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Since the beginning of Swissloop in autumn 2016, Swissloop has the tradition to develop its own PCBs. This allows for maximum flexibility, optimized designs and deep insight and understanding of the various components needed to operate a Hyperloop prototype. The three key electrical components of the pod consist of the vehicle control unit (VCU), the battery monitoring system (BMS) and the inverter system with its power electronics and control module. Each of these systems consist of one or several PCBs which were developed in-house by Swissloop.
The VCU – The brain of the pod
The vehicle control unit is tasked with gathering, processing, storing and transmitting data, as well as taking actions based on the collected data. Data collection includes data from safety relevant systems (e.g. pressure in the brakes), data needed for control (e.g. velocity, position) and data for optimization of the pod (e.g. force on suspension).
Vehicle Control Unit
On top of the PCB is a development kit with a TMS320F28379D dual-core microcontroller. Using a development kit instead of putting a microcontroller directly on the PCB has the advantage of simplifying the programming with the integrated debugging chip. The power electronics, the ADC and the Ethernet controller were inspired by the previous year’s design, but the layout and all signal transceivers were completely redesigned. The new layout provides shorter signal paths and therefore better signal integrity. The analogue and digital signal lines are separated from each other as well as from the power electronics to reduce electromagnetic interference (EMI).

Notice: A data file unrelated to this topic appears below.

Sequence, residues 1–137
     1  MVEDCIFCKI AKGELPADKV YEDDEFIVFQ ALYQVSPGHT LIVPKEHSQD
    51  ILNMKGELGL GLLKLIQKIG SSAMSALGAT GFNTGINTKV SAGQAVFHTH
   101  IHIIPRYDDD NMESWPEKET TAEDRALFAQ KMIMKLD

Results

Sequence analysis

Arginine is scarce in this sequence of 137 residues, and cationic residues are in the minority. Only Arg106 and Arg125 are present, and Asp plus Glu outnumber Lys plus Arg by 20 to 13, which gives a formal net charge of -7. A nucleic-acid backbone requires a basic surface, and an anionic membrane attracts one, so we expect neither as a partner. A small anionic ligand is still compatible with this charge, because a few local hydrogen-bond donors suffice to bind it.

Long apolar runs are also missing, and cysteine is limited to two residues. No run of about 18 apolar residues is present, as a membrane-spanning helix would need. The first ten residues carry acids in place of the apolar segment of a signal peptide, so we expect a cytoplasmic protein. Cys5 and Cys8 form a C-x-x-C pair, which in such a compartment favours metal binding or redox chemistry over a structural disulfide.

The BMS – The nerves of the pod
The job of the BMS is to monitor the temperature and voltage of the cells and to balance their charge distribution. Despite having the same technical specifications, the cells can differ from one another due to manufacturing reasons. This means that during charging, some cells will charge faster than others, causing a voltage difference between the different cells, which can result in major damage due to overcharging. The best solution was to use passive balancing by discharging the cells over a discharge resistor connected through a MOSFET transistor.
Battery Management System
The BMS system uses a daisy-chain topology. The carrier board communicates with the first master BMS board, which then communicates to the slaves using the USART protocol. The heart of the BMS boards is a specialised integrated circuit powered by the underlying battery module, monitoring and balancing the underlying battery cells.
The Inverter – The muscle of the pod
The inverter system is an electronic component providing the required current from the batteries to the propulsion system. The inverter system consists of a control and a power electronics subsystem. The objective of Swissloop’s inverter system was a highly modular distributed inverter topology, allowing for more flexibility and the usage of multiple small power semiconductor modules.
Inverter Power Electronics
For the microcontrollers, STM32F4 with ARM Cortex M4 processors from STMicroelectronics (STM) are used. The communication between the PCBs is implemented using differential pair data lines. By using an RS-485 serial master-slave networking protocol, full-duplex communication and high interference resistance is achieved. The main controller is connected via the Controller Area Network (CAN) bus to the VCU.
Thanks to Eurocircuits.
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